In the years since Arundhati Roy won the 1997 Booker Prize for her debut novel, The God of Small Things, she has become the anti-globalisation mascot in India and abroad with her strident opposition of the Indian state, free market economics, the war on terror, and much else. Her prose is vivid and sometimes poetic: witty wordplay interspersed with biting satire that riles India's middle class, the wealthy, and the elite.
But as her appeal rises abroad, she has become increasingly irrelevant at home. Sincere anti-poverty activists find her shrillness exasperating, with some arguing privately that her writing about a cause is a distraction, shifting the focus to herself, and delaying, if not damaging, the prospect of a solution. Roy doesn't like compromised half-measures, but others have different views of what constitutes the best solution. Her fans abroad, who have little personally at stake in India, applaud her rapturously, so making her more marginalised among nationalistically-minded Indians.
The exasperation comes from the fact that what Roy describes is often an accurate description of a slice of the reality, but her prose has little room for layered nuances and granularity. It makes her critique almost comic-book like, with sharply edged "good" and "evil" forces. In her latest collection of essays, Broken Republic, Roy rightly points out the abysmal treatment of India's indigenous people who live in the tribal belt, which is rich with minerals and abounds with Maoists. But she is wrong in seeing those amoral nihilists – the Maoists – as harbingers of a better future. That's a dehumanised worldview.
True, the millions of tribals (as indigenous people are called in India) have been neglected and exploited. And India now wants mining companies to invest there. If the past is any indication, it will cause a massive upheaval, disrupting traditional lifestyles, displacing communities, with the abuse of many human rights.
Roy is a brilliantly articulate cheerleader for the Maoists, who claim to be fighting for the tribals. In perhaps a quarter of India's districts, the state doesn't have much control. Paramilitary forces have been deployed, and Maoists have launched spectacular strikes, killing many in the security forces.. In retaliation, politicians and landlords have created a vigilante militia to take on the Maoists.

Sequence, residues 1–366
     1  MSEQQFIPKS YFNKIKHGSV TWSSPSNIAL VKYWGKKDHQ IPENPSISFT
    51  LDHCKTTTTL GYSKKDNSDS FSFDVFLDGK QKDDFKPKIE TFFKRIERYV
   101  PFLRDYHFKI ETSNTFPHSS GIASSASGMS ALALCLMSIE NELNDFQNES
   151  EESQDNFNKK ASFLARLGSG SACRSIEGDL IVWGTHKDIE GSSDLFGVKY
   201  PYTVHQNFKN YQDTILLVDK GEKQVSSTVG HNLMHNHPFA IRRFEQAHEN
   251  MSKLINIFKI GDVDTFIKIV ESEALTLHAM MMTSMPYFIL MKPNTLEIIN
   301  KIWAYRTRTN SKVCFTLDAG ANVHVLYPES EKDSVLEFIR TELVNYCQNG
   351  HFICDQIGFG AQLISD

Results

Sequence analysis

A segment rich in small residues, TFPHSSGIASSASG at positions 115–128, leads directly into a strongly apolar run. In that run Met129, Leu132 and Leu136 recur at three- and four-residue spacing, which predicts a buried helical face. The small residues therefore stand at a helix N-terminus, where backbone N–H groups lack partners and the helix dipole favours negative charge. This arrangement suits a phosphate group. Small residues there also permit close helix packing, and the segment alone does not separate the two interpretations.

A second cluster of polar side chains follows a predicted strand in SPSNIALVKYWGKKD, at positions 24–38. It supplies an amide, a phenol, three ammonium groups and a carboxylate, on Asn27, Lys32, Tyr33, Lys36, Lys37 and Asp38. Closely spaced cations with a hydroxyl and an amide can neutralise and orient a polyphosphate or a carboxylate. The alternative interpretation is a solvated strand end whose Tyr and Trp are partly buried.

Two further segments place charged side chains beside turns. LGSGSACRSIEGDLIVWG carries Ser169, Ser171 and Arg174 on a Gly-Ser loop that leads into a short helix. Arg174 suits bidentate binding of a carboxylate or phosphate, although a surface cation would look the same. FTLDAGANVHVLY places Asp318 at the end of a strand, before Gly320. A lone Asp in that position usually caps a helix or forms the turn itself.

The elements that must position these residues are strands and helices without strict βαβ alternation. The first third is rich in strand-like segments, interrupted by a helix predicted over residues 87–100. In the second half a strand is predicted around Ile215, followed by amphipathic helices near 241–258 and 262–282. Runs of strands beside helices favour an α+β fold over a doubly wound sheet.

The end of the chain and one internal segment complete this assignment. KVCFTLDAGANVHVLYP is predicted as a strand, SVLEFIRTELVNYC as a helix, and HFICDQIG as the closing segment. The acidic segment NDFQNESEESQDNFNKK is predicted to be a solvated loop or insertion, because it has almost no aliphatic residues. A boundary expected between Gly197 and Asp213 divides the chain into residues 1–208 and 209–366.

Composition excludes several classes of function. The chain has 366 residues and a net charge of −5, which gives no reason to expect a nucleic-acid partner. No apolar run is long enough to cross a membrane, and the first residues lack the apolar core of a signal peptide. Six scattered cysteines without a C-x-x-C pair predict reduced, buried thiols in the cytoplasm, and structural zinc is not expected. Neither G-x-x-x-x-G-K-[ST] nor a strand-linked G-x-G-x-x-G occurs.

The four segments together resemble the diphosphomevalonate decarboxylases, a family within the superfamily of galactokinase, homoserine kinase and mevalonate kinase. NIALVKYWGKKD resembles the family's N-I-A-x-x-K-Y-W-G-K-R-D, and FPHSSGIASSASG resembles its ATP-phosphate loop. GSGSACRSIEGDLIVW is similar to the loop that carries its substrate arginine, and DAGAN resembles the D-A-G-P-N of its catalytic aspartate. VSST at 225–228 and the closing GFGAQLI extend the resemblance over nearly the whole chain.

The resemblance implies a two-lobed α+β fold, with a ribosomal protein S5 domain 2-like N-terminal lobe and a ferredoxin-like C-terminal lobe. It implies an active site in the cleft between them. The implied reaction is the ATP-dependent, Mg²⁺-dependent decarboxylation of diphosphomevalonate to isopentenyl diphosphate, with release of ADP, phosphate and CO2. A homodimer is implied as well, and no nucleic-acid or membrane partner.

That's a grim scenario, and can end in tragedy, but Roy absolves the Maoists. She sees their violence entirely as a reaction when all other means have failed, even portraying them as green egalitarian warriors fighting to preserve a pristine life. In that Manichean world, the tribals and Maoists are one; and anyone against Maoists is against the tribals, therefore for the state, and hence complicit in the abuses.
In her first essay, the Indian home minister P Chidambaram must be colluding with mining companies, since before he became a minister, when he was a corporate lawyer some of the companies were his clients. When mining shares rise after Prime Minister Manmohan Singh calls the Maoist threat India's gravest security challenge, she sees causality in that coincidence. In her second essay, she travels through Maoist territory, and makes the Maoists almost as likeable as characters in the film Avatar. She notes, but doesn't condemn, their use of child soldiers, nor their summary show trials against "informants", some of whom are put to death.